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BMC Neurol. 2015 Jul 1;15:99. doi: 10.1186/s12883-015-0344-y.

Longitudinal randomised controlled trials in rehabilitation post-stroke: a systematic review on the quality of reporting and use of baseline outcome values.

Author information

1
AG Epidemiology & International Public Health, School of Public Health, Bielefeld University, PO. Box 10 01 31, 33501, Bielefeld, Germany. odile.sauzet@uni-bielefeld.de.
2
AG Epidemiology & International Public Health, School of Public Health, Bielefeld University, PO. Box 10 01 31, 33501, Bielefeld, Germany. Maren.kleine@uni-bielefeld.de.
3
Faculty of Nursing and Health, University of Applied Science, Münster, Leonardo Campus 8, 48149, Münster, Germany. menzel-begemann@fh-muenster.de.
4
AG Epidemiology & International Public Health, School of Public Health, Bielefeld University, PO. Box 10 01 31, 33501, Bielefeld, Germany. anne-kathrin.exner@uni-bielefeld.de.

Abstract

BACKGROUND:

The World Health Organisation stresses the need to collect high quality longitudinal data on rehabilitation and to improve the comparability between studies. This implies using all the information available and transparent reporting. We therefore investigated the quality of reported or planned randomised controlled trials on rehabilitation post-stroke with a repeated measure of physical functioning, provided recommendations on the presentation of results using regression parameters, and focused on the difficulties of adjustment for baseline outcome measures.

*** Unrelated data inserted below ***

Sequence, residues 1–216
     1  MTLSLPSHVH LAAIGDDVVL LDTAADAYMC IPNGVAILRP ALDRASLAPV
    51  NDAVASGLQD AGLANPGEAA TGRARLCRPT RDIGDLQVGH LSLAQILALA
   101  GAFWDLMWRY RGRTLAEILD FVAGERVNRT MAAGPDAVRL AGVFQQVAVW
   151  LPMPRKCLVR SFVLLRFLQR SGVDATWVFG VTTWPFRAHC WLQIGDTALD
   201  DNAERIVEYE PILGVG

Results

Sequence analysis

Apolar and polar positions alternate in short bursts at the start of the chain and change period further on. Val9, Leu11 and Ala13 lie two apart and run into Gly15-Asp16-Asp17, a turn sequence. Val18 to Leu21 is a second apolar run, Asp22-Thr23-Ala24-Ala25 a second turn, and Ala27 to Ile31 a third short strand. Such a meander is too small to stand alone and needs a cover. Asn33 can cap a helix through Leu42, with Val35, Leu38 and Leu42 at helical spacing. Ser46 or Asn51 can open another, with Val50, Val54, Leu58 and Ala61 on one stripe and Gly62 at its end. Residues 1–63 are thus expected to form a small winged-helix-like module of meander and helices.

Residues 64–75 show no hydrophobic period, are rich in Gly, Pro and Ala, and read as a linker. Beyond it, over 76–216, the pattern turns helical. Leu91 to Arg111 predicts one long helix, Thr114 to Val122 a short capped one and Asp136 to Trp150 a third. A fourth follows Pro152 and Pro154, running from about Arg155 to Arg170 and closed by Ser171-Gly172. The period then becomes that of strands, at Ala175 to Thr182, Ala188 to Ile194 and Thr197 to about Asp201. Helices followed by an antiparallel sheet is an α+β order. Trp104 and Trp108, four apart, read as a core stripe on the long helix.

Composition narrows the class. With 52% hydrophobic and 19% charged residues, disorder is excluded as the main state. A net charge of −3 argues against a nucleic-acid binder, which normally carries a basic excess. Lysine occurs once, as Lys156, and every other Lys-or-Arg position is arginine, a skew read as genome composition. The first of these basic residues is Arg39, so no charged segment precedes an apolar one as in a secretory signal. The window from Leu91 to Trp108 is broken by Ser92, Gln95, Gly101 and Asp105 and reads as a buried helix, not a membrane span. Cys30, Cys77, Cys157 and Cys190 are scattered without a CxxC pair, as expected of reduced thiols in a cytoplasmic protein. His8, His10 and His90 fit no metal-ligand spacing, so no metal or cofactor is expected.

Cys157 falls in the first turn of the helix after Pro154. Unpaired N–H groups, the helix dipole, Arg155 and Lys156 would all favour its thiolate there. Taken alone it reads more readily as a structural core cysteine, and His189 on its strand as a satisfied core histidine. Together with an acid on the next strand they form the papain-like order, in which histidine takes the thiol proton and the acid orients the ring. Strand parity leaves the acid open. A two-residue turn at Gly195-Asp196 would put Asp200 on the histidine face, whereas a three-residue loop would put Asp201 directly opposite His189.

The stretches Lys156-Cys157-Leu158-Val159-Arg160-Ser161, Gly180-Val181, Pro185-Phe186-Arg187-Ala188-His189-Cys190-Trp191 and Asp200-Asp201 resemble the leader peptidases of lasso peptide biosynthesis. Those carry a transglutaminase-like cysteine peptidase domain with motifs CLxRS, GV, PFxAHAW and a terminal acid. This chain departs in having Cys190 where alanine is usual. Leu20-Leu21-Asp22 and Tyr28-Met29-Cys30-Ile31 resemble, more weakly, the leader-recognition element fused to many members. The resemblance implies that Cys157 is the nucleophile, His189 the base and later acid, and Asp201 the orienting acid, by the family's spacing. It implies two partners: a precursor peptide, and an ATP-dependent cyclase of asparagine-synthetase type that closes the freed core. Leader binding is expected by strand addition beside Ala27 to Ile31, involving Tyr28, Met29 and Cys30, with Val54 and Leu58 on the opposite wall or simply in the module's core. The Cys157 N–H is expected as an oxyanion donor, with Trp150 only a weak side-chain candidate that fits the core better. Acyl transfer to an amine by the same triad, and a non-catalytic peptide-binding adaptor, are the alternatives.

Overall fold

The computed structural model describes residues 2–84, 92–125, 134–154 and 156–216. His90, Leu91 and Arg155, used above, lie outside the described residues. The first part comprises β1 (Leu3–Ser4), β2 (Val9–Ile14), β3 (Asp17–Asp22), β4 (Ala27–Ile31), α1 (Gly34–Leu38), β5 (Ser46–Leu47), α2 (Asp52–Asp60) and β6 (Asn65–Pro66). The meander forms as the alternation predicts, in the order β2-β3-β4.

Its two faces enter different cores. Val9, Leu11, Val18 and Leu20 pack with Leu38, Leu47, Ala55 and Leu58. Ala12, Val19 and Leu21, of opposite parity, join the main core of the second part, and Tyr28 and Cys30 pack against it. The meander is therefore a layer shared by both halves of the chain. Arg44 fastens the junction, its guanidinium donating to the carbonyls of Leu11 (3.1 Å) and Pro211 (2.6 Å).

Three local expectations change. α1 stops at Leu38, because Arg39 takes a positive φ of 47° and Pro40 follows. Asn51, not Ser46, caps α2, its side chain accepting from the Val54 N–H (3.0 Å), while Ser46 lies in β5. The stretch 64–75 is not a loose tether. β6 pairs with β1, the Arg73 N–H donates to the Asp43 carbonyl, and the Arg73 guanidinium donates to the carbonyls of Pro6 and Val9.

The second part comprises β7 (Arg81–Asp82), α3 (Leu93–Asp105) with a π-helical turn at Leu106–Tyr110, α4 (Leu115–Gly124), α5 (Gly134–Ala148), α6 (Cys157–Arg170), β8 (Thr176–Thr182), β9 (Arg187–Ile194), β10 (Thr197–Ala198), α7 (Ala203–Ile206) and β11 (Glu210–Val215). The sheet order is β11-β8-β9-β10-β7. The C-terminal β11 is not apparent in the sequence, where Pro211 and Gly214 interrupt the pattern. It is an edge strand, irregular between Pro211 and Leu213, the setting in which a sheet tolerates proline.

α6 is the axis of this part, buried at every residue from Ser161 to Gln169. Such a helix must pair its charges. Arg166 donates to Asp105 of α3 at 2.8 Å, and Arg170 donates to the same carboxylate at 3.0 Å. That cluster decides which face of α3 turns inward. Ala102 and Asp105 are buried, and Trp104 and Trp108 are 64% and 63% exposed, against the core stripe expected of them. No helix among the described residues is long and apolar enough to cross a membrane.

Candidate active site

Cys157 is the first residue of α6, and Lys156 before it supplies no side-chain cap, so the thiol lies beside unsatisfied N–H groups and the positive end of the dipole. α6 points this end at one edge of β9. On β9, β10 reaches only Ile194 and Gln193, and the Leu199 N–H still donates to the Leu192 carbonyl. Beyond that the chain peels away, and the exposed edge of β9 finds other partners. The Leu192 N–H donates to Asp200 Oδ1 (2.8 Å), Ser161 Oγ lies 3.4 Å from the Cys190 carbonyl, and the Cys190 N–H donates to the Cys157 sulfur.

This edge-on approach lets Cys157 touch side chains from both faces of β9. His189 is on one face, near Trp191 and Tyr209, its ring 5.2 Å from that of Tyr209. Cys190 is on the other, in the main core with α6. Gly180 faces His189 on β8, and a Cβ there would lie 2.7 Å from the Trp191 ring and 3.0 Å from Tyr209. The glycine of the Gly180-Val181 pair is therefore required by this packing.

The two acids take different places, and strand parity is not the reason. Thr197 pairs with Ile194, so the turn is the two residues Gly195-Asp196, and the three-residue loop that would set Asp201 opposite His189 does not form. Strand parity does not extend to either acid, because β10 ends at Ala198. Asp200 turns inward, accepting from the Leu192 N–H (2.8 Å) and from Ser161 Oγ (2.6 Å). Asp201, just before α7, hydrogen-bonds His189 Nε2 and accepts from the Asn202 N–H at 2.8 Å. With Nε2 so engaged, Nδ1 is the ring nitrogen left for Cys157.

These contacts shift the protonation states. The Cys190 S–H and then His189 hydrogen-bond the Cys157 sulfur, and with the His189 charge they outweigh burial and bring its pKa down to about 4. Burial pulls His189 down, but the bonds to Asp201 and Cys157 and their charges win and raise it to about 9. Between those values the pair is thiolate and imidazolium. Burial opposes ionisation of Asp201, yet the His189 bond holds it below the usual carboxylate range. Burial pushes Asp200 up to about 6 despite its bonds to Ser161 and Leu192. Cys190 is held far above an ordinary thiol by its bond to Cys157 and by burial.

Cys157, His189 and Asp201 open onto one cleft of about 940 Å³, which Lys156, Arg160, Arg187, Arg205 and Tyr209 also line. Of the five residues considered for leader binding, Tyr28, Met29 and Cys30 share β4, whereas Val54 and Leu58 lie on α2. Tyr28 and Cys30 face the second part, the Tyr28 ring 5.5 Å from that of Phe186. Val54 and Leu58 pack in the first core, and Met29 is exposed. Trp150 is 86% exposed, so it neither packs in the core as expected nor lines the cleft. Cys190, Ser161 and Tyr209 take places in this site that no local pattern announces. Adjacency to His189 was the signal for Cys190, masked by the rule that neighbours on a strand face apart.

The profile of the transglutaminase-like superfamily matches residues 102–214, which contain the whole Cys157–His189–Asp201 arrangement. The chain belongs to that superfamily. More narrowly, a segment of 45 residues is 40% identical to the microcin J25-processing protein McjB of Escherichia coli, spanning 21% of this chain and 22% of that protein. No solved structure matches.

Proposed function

METHODS:

We performed a systematic review of the literature from 2011 to 2013 and collected information on the way data was analysed. Moreover we described various approaches to analyse the data using mixed models illustrated with real data.

RESULTS:

Eighty-four eligible studies were identified of which 61% (51/84) failed to analyse the data longitudinally. Moreover, for 30% (25/83) the method for adjustment for baseline is not known or not existent. Using real data we were able to show how much difference in results an adjustment for baseline data can make. We showed how to provide interpretable intervention effects using regression coefficients while making use of all the information available in the data.

CONCLUSIONS:

Our review showed that improvements were needed in the analysis of longitudinal trials in rehabilitation post-stroke in order to maximise the use of collected data and improve comparability between studies. Reporting fully the method used (including baseline adjustment) and using methods like mixed models could easily achieve this.

PMID:
26126875
PMCID:
PMC4488053
DOI:
10.1186/s12883-015-0344-y
[Indexed for MEDLINE]
Free PMC Article

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